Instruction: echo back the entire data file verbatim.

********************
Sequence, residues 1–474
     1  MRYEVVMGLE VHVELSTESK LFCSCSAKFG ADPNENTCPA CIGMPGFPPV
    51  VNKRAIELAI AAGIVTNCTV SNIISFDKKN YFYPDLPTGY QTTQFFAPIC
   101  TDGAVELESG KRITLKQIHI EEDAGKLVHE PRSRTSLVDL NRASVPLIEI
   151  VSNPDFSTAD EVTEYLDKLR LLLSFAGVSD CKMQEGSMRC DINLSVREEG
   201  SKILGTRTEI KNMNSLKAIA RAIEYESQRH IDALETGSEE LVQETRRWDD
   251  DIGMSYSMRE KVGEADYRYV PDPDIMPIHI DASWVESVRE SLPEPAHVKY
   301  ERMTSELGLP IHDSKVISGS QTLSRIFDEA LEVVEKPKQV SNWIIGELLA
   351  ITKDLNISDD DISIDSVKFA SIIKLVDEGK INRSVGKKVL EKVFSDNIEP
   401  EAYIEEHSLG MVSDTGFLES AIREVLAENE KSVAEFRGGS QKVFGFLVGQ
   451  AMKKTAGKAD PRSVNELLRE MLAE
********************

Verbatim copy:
Sequence, residues 1–474
     1  MRYEVVMGLE VHVELSTESK LFCSCSAKFG ADPNENTCPA CIGMPGFPPV
    51  VNKRAIELAI AAGIVTNCTV SNIISFDKKN YFYPDLPTGY QTTQFFAPIC
   101  TDGAVELESG KRITLKQIHI EEDAGKLVHE PRSRTSLVDL NRASVPLIEI
   151  VSNPDFSTAD EVTEYLDKLR LLLSFAGVSD CKMQEGSMRC DINLSVREEG
   201  SKILGTRTEI KNMNSLKAIA RAIEYESQRH IDALETGSEE LVQETRRWDD
   251  DIGMSYSMRE KVGEADYRYV PDPDIMPIHI DASWVESVRE SLPEPAHVKY
   301  ERMTSELGLP IHDSKVISGS QTLSRIFDEA LEVVEKPKQV SNWIIGELLA
   351  ITKDLNISDD DISIDSVKFA SIIKLVDEGK INRSVGKKVL EKVFSDNIEP
   401  EAYIEEHSLG MVSDTGFLES AIREVLAENE KSVAEFRGGS QKVFGFLVGQ
   451  AMKKTAGKAD PRSVNELLRE MLAE